Older Veterans and TDIU: The Unique Vocational Challenges for a Growing Population

Veterans claiming disability has long since been a growing population, including those veterans who are collecting Total Disability Based on Individual Employability (TDIU). From 2013 onward, the number of older veterans receiving disability benefits, in general, has increased. According to an article published by GAO in 2015, there was a 73% increase in the subgroup of beneficiaries who were aged 65 and older.

Older individuals and TDIU

Additionally, among new beneficiaries, there were around 2,800 veterans who were 75 and older and over 400 beneficiaries who were 90 or older. The population of veterans who are 65 and older has only continued to grow since 2013. According to Rudstam et al. (2018), there were 9.2 million veterans over the age of 65 in 2017. With regards to veterans receiving TDIU benefits, approximately 200,000 of the veterans over the age of 65 are receiving them  (Independent Budget).

When it comes to older individuals and TDIU, there are unique vocational challenges faced by this group. First, there is the concept of VA regulations to be considered. Despite what may be seen with the retirement age being 65 in the workforce, there are VA regulations that preclude age from being a determining factor in veteran’s disability benefits.

Second, TDIU does not have anything to do with retirement and pension. It is not thought to be similar or different to Social Security Retirement benefits as it is something else entirely. Finally, TDIU has nothing to do with Federal Unemployment Insurance. TIDU is purely a disability compensation benefit. Additionally, a veteran who is awarded a TDIU receives the same level of compensation and ancillary benefits as a veteran in receipt of a total 100 percent rating.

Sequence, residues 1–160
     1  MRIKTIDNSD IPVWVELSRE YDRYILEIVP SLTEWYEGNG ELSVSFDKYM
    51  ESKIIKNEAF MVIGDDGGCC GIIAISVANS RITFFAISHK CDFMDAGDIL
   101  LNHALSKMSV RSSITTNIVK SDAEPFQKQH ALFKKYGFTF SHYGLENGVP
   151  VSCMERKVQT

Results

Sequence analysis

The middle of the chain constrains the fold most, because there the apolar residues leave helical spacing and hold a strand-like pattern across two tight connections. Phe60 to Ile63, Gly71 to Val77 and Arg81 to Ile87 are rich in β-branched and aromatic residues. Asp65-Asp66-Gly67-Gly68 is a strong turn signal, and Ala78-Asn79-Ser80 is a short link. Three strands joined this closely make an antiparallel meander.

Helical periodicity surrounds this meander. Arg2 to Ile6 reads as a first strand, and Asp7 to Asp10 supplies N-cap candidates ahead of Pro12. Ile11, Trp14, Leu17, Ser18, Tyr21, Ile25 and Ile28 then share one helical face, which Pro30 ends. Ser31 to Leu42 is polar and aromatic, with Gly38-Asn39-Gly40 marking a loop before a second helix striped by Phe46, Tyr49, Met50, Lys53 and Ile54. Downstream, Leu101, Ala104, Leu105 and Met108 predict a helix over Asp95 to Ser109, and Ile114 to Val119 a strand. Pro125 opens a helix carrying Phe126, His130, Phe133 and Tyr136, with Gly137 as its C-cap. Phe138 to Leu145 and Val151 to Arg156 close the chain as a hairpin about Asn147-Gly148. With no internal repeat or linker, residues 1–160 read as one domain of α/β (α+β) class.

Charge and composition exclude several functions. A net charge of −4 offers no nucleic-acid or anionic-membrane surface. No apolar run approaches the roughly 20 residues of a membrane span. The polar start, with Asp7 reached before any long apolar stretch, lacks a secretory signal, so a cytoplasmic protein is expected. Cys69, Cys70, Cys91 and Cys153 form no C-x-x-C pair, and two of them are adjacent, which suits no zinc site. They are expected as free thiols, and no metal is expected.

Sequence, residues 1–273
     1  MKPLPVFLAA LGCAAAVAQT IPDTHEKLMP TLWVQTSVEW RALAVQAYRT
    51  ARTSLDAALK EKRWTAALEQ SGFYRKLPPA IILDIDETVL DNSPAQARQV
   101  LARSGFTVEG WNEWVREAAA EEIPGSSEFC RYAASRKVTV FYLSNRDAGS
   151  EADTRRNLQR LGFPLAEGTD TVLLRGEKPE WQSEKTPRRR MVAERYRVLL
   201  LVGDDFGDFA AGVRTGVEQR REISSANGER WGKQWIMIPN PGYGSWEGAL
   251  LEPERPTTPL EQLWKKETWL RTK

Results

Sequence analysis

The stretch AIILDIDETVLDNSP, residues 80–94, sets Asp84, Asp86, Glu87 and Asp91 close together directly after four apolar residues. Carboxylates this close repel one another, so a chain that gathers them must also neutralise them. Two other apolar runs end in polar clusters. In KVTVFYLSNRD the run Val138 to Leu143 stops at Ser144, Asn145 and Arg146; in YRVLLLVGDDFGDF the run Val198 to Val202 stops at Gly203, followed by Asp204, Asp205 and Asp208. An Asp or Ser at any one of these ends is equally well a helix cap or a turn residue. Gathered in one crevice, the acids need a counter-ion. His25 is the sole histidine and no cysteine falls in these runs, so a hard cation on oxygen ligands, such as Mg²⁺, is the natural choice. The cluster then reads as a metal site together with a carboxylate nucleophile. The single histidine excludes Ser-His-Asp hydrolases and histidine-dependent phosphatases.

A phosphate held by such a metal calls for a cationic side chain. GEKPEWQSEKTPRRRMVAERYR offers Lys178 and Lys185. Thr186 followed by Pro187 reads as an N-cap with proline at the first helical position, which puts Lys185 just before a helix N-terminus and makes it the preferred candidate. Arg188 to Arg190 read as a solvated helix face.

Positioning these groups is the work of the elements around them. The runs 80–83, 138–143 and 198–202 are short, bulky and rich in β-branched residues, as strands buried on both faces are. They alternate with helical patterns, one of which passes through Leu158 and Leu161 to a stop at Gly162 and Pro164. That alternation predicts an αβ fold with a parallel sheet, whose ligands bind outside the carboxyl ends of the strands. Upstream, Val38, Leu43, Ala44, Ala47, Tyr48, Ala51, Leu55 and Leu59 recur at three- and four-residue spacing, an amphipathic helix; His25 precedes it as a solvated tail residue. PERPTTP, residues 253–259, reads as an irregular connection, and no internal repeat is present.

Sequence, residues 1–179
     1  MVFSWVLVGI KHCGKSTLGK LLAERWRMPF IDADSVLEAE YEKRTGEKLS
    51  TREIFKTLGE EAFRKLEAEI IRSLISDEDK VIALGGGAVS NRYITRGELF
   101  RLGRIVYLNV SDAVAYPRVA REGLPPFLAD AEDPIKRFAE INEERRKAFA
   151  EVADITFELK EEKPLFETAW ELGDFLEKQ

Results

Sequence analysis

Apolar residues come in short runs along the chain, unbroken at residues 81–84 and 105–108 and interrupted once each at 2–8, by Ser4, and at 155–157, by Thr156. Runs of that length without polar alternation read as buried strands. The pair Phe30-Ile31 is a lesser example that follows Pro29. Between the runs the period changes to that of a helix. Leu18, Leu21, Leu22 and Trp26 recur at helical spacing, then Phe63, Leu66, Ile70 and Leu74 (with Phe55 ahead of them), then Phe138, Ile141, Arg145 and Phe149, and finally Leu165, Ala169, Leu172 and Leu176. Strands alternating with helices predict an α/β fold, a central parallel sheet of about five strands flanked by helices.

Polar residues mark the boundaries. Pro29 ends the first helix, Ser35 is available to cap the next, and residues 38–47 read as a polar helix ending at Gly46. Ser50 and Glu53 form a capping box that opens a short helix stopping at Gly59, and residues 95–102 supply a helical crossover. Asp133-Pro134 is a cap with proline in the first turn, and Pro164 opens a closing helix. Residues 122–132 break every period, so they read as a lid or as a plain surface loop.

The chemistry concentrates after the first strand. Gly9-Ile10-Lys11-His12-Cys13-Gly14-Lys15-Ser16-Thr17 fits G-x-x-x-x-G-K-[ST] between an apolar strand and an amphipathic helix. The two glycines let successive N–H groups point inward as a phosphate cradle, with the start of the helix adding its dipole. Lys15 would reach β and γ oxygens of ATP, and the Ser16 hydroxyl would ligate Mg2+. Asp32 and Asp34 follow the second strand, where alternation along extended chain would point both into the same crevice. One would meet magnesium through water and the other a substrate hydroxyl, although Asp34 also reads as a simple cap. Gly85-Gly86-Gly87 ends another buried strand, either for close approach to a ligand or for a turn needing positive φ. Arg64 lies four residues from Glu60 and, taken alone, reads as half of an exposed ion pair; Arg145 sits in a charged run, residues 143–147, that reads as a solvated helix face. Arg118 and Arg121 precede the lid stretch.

Transferable skills analysis (TSA)

From a vocational standpoint, an area of consideration is a transferable skills analysis (TSA). A TSA is key in identifying potential alternative employment for veterans applying for TDIUs. It includes any skills an individual has obtained from other jobs that could be applied to different jobs in the workforce.

Transferability of skill is believed to be reliable job information, especially when the jobs have the same or lesser degree of skill, the same or similar tools and/or machines, or the same or similar raw materials, products, processes, or services involved (SSR 82-41).

However, it is generally not expected that skills would transfer beyond 15 years (Havranek, J. 2007; Weed, R. O., & Field, T.F., 2001). Therefore, older veterans, who have reached retirement age or are past it, may not have transferrable skills as they may not have worked in the past 15 years.

Additionally, there is a question. If natural physical and mental limitations that occur with aging would impact an individual’s vocational ability. While this is not something that can be directly answered? A vocational counselor or vocational expert. There will need to be medical documentation that clearly states what limitations are service-connected. And what has been affected by age. Otherwise, there may be a risk of indicating a limitation is service-connected when it could be traced back to natural aging.

TDIU benefits

One of the fastest-growing groups of veterans receiving disability benefits as well as TDIU benefits is those who are 65 and older. While the VA does not consider age to be a factor. When determining if an individual can receive a total disability, there are naturally some unique vocational challenges that can occur.

For instance, older veterans may have additional limitations. This is due to aging or the length of time that they have been out of the workforce. That may exceed 15 years. As this group continues to get larger, it is important to keep these factors in mind when it comes to TDIU and the older veterans.


Havraneck, J. (2007). Advanced issues in forensic rehabilitation (199). Athens, GA: Elliott & Fitzpatrick.
Social Security Ruling (SSR) 82-41. Retrieved on September 16, 2020, from https://www.ssa.gov/OP_Home/rulings/di/02/SSR82-41-di-02.html
Weed, R. O., & Field, T. F. (2001). Transferable skills analysis. In Rehabilitation Consultants Handbook (pp. 101-103). Athens, GA: Elliott and Fitzpatrick, Inc.